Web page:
When you similarly line up potential perpetrators for “Valentine’s” homicides, there’s only one possible person Cupid could be. Hint: it’s the well-known celebrity who was on a super successful TV series at the same time, not one of the other actors whose names you haven’t heard before or since.
Given everything going on in “Valentine,” and there is a lot going on considering all of the suspects and subplots, several scenes move with surprising slowness. Such stalling usually arrives in the form of lengthy sequences of silently searching for a clue or hiding from the killer.
When you subtract everything above, yet add the appeal of its retroactively serendipitous silliness, “Valentine” evens out as a perfectly serviceable slasher made palatable by the presence of pleasant actors in engaging early roles (why didn’t Marley Shelton break as big as the rest of the cast?). Snickers don’t always receive invitations. The mystery has a hard time maintaining intrigue. Fortunately for “Valentine,” it’s not 2001 anymore. That means we can take the movie in good humor it didn’t deserve then, but which makes for a more enjoyable experience now.
Review Score: 60
Scream Factory Collector’s Edition: Releases like this are what makes Scream Factory exceptional, not simply great, as the leading distributor of feature-packed home video horror. Any company would jump at the chance to do deep dives on marquee titles like “Dawn of the Dead” or what have you. But who else puts Herculean effort into marginal movies like “Valentine?” Lower-tiered films are much more enjoyable when accompanied by a plethora of bonuses, and such complete packages inspire ongoing appreciation for previously unappreciated productions. Oh, not that it matters since you’ll want to display Devon Whitehead’s killer new illustrated art anyway, but purists can of course reverse the case cover to the original poster image instead.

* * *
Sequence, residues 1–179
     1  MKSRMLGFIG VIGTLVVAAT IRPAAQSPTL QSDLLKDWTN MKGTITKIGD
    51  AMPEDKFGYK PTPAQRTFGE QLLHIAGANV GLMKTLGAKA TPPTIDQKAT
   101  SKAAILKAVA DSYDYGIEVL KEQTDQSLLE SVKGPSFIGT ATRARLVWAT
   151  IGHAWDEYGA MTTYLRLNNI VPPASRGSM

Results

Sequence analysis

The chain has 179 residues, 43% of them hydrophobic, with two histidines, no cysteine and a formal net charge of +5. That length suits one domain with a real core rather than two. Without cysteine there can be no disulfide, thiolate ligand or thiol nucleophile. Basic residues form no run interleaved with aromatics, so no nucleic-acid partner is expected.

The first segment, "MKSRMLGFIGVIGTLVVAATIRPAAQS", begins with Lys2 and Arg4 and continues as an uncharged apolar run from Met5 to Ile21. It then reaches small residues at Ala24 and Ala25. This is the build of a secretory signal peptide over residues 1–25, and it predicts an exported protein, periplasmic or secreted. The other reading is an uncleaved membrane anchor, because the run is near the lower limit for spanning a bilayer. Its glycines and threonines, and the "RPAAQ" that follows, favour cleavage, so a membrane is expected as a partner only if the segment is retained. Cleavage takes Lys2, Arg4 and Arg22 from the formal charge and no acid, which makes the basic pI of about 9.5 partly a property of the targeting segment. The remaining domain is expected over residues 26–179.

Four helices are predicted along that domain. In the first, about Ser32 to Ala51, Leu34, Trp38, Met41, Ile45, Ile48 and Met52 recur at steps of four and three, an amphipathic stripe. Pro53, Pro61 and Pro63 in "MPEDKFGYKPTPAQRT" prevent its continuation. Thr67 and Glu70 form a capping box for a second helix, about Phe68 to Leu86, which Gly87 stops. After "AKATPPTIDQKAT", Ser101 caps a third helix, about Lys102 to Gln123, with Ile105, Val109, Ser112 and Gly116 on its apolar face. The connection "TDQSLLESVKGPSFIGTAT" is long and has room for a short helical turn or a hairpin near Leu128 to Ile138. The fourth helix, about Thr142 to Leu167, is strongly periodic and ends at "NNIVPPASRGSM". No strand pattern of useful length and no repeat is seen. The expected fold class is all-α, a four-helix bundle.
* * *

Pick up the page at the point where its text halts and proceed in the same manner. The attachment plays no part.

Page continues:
Audio Commentary with Director Jamie Blanks: As I do in order to get through more podcasts, I often listen to audio commentaries at 1.5x speed. When you’re trying to publish complete coverage of Blu-ray bonuses in a timely fashion, it just isn’t practical to repeatedly watch something normally to accommodate multiple commentaries. This has never presented a problem until “Valentine.” Jamie Blanks packs in so many technical tidbits at such a rapid pace that it’s impossible to process at a faster speed. That’s a testament to how much trivia Blanks has to offer, which isn’t commonplace for solo commentary tracks. This was clearly recorded close to the film’s 2001 release, or else he’s working from in-depth notes, because Blanks spouts endless information with a fresh memory he doesn’t have on the more recent recording. He even recalls editing between take two and take four of a particular scene. I don’t know many other filmmakers who can remember their movies down to such details.